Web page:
FORT MYERS, Fla. Prior to Saturday night’s game at Florida Gulf Coast, Penn men’s basketball coach Glen Miller knew his team faced a tall order. With the Quakers playing just its second game in 21 days, and injuries keeping several key players out of uniform, they were in a tough position going up against an Eagle team that was 3-9 but boasted a veteran lineup and most recently lost to nationally ranked Butler by just 12.
However, even he could not have predicted what happened at FGCU’s Alico Arena, as the Quakers were humbled by a first half that simply defied description. The result was a 60-30 loss that had reporters scrambling for record books.
It was certainly Penn’s lowest output in a game since the shot-clock was introduced to college basketball in the 1980s; in fact, it was the Quakers’ lowest-scoring game since the 1966-67 season finale, when they lost at Princeton 25-16.
(oh, and talk about turnabout being fair play ... a reminder that last year these very same Quakers dropped 97 on these very same Eagles)
A young and inexperienced Penn team -- already playing without returning veterans Darren Smith and Tommy McMahon for the season because of injuries -- were dealt serious blows Saturday when senior Michael Kach, freshman Harrison Gaines and junior Brennan Votel were all unable to dress with injuries they suffered prior to the trip. That cut the lineup down significantly; not surprisingly, all 12 players who were dressed saw time, with 11 of them getting into the game before halftime.
That said, except for the fact that an announced crowd of 2,315 was there and witnessed it, the numbers that Penn put up in the first half could not be believed. The Quakers took 17 field-goal attempts and made only one of them, a jumper that freshman Tyler Bernardini hit just inside the three-point arc -- it gave Penn its first points of the night with the game 13 minutes and 29 seconds old. The other points came on free throws from Aron Cohen (with 4:22 left in the half) and Remy Cofield (with 3:03 to play).
Penn (4-8) also committed 23 turnovers in the first half-- by comparison, the Quakers have committed that many in an entire game only once this season. For the game Penn had 34 turnovers and just four assists.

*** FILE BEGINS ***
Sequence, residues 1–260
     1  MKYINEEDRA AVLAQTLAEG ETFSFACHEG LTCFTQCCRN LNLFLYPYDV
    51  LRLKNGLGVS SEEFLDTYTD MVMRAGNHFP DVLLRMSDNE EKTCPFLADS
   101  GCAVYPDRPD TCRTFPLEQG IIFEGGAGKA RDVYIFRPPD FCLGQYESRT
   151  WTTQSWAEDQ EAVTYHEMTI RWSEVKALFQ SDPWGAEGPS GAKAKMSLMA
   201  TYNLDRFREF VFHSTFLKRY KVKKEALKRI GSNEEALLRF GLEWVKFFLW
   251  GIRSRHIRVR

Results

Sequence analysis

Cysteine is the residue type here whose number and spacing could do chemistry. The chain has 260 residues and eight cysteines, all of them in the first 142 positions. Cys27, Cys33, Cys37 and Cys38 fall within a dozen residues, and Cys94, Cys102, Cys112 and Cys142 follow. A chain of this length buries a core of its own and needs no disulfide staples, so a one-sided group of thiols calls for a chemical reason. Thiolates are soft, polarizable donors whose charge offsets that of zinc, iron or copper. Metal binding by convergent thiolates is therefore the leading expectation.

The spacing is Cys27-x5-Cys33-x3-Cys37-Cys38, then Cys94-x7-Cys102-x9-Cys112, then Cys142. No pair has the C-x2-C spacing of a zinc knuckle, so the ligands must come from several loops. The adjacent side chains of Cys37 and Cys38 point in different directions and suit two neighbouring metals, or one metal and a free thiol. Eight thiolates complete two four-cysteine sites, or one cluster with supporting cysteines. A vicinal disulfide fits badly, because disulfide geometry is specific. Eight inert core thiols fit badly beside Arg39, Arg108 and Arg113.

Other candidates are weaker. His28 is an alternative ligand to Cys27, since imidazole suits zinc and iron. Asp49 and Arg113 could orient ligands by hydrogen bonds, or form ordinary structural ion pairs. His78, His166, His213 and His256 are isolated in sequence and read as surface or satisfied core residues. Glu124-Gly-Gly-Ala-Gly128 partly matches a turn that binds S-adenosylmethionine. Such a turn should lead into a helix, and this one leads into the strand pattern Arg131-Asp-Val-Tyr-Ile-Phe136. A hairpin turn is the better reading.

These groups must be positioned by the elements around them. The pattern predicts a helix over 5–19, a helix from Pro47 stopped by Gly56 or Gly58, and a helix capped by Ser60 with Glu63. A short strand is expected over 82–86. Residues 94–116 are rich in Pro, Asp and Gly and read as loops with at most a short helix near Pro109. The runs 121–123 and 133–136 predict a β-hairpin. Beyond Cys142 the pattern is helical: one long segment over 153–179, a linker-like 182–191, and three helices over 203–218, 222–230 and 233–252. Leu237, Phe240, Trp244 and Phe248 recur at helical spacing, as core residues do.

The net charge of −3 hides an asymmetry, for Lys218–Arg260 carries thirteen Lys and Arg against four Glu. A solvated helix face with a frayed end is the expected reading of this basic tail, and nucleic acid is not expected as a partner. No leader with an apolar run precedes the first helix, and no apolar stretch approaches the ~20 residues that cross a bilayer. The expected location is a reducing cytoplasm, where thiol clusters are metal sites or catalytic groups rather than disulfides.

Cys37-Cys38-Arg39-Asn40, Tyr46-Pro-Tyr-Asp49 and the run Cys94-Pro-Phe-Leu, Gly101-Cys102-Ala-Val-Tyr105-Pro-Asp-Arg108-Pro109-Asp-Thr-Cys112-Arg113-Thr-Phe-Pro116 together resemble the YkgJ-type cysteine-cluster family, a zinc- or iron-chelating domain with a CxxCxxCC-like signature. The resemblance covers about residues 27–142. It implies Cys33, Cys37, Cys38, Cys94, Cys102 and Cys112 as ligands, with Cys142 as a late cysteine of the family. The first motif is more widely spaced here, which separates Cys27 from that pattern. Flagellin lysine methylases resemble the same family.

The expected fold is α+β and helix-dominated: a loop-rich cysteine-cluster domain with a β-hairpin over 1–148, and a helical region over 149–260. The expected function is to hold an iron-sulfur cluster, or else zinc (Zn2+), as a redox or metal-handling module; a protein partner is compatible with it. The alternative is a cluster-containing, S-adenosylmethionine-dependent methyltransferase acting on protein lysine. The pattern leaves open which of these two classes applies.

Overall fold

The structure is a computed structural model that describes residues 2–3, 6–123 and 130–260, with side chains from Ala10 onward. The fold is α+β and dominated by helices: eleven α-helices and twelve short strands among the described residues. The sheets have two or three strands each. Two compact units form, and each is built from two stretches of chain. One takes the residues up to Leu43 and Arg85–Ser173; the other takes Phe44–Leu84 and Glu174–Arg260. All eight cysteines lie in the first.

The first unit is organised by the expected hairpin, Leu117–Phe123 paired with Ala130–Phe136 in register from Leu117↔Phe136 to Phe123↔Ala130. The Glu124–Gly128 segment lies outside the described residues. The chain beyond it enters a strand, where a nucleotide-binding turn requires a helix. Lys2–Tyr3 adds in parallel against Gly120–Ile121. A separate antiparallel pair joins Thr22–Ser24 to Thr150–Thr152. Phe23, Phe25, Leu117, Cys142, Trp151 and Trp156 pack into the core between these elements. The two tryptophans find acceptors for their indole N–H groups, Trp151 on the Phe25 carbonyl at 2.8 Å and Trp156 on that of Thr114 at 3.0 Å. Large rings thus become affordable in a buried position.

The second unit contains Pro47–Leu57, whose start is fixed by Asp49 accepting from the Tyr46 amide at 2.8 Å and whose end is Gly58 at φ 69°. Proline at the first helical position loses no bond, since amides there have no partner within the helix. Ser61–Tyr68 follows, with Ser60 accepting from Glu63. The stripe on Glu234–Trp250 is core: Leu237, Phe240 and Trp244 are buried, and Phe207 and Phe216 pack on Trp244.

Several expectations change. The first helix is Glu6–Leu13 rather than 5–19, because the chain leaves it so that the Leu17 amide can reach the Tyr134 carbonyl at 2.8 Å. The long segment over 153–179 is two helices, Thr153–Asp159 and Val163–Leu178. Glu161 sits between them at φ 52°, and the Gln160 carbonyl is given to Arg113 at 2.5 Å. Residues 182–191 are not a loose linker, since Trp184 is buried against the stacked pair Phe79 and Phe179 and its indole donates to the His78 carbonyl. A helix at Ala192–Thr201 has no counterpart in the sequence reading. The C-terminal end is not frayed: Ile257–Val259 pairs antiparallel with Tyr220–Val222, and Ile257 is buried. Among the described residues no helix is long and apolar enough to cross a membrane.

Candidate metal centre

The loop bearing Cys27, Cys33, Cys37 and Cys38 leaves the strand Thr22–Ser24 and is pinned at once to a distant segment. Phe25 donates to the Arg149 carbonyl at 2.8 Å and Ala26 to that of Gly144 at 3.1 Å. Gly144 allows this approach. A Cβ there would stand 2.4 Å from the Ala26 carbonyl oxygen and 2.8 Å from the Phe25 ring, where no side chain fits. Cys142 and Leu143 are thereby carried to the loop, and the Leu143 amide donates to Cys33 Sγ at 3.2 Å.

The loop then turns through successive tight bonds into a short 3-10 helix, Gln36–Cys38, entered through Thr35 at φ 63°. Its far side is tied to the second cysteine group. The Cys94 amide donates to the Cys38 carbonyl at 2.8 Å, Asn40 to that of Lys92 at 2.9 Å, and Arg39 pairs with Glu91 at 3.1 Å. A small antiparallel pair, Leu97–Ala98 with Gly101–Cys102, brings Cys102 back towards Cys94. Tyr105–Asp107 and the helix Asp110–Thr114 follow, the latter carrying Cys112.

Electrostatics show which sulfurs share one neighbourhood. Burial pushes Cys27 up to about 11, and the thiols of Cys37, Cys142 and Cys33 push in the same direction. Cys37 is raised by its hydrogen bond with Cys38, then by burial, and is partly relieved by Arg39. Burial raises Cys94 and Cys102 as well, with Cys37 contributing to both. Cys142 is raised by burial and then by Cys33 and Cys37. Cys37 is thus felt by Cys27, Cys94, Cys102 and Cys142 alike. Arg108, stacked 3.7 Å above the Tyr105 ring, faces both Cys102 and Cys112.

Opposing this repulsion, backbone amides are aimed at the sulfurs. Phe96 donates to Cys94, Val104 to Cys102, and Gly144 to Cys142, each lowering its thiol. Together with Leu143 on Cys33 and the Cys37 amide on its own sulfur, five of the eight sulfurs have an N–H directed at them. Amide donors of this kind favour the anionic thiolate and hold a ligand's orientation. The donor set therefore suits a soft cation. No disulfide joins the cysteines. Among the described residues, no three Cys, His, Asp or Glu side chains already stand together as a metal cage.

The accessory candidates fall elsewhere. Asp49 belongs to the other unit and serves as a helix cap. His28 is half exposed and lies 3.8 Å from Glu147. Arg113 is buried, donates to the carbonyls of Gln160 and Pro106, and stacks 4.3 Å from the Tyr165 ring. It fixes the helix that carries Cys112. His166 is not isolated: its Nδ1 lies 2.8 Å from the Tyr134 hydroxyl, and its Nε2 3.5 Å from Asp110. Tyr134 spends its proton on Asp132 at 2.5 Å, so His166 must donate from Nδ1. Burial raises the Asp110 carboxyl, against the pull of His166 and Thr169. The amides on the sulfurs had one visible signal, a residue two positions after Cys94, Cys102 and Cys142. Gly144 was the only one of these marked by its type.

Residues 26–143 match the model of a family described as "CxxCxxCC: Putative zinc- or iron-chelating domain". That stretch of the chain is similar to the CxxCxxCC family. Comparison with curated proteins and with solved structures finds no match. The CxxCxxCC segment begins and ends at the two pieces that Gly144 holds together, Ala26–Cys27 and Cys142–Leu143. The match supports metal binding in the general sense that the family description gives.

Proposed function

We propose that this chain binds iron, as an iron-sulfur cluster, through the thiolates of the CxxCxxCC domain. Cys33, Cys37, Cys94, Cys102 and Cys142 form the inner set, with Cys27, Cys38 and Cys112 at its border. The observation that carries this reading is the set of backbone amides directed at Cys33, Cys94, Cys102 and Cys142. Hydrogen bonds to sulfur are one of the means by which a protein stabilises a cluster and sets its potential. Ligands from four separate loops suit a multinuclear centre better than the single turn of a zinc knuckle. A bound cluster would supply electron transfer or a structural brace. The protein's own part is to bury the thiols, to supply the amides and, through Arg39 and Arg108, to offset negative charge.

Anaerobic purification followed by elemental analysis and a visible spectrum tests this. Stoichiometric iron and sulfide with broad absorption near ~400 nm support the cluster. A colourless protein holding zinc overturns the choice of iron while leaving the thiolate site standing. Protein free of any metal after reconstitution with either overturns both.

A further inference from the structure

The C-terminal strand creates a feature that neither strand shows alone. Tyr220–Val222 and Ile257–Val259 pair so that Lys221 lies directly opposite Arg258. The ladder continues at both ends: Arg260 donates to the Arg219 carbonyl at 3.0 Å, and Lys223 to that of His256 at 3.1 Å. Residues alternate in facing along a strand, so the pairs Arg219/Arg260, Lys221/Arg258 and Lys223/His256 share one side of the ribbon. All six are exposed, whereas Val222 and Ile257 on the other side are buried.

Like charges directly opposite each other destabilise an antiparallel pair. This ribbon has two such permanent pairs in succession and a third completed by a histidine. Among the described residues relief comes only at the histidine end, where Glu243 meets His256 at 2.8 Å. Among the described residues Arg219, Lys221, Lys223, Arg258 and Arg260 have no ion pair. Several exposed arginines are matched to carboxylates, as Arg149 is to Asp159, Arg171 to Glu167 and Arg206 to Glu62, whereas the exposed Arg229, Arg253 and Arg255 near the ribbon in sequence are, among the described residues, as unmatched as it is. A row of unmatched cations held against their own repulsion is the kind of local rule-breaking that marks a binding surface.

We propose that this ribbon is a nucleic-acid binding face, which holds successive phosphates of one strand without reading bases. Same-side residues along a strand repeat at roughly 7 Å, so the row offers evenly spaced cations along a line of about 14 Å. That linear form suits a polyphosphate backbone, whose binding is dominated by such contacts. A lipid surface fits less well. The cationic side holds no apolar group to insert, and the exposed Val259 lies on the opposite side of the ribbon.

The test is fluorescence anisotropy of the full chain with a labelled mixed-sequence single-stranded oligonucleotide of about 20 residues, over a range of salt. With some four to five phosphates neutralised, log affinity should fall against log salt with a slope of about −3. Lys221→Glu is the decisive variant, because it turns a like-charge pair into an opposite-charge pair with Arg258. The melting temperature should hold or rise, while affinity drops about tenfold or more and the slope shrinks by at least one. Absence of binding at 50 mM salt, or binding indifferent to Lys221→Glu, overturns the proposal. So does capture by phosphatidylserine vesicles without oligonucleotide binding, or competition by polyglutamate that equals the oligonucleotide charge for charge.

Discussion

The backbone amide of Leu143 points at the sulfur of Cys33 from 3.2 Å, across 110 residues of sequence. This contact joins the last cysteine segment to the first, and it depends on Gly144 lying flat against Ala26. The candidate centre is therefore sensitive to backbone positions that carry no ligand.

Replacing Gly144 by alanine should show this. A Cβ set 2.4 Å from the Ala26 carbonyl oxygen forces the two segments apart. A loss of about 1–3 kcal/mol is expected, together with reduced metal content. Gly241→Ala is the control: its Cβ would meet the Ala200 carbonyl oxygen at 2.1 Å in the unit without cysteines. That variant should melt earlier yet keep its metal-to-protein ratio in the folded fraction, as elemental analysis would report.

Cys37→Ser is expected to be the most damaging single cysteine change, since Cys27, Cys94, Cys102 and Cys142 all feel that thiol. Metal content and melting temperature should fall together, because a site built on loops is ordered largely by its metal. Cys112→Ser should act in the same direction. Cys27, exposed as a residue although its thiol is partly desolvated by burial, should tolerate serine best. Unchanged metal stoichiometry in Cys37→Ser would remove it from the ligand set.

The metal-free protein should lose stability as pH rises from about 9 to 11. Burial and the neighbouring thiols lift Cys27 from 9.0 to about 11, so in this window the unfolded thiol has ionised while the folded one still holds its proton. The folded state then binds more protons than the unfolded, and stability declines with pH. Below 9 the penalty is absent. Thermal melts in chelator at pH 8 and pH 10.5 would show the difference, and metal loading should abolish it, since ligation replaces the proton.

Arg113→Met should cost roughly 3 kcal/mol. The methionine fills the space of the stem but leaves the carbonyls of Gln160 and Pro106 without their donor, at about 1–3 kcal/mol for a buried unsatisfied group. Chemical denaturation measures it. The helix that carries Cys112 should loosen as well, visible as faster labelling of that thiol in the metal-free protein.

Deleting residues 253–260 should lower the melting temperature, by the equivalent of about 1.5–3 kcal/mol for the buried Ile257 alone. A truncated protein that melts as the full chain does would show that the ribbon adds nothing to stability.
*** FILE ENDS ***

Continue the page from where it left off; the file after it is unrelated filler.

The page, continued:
Penn’s six-point output in the half actually tied an NCAA Division I record for fewest points in a half; the mark was originallyset Feb. 19, 2000, when Northwestern scored just six points in an eventual 63-30 loss at home against Illinois.
Amazingly, Penn was still in this thing after Cofield’s free throws; the score was only 17-6 at that point, as FGCU had struggled itself offensively. But the Eagles surged in the final three minutes before the break, reeling off 13 straight points to take a 30-6 lead into the locker room at halftime.
In truth, the second half was not much better, except at the end. The Quakers still had only 13 points with eight minutes left in the game, and were down a staggering 60-18 with 3:55 to play. Only a 12-0, game-ending run salvaged anything for the night. In fact, knowledgeable Penn fans were probably breathing a sigh of relief when Kevin Egee drained a trey with 2:35 to play that gave the Quakers 23 points, allowing them to keep rival Princeton in the NCAA record book for fewest points scored in a game in the shot-clock era (the Tigers scored just 21 a few years ago against Monmouth).
Andreas Schreiber ended up as Penn’s leading scorer (7 points) and rebounder (5); however, in a line that typical for this night he had no assists and six turnovers, and went 3-of-9 from the foul line. Bernardini and Cohen had five points apiece, while Kevin Egee and Joe Gill scored four each.
For FGCU, Casey Wohlleb led the way with 17 points, while Adam Liddell filled the box score with 13 points, eight rebounds and six steals. Terike Barrowes had 10 points, six boards, three blocked shots and three thefts. As a team, the Eagles had 21 steals.
Penn will head across Florida tomorrow to get set for the next game, which is Wednesday night at the University of Miami. The Hurricanes are ranked 19th this week in the Associated Press national poll. Tipoff for that game is 8 p.m.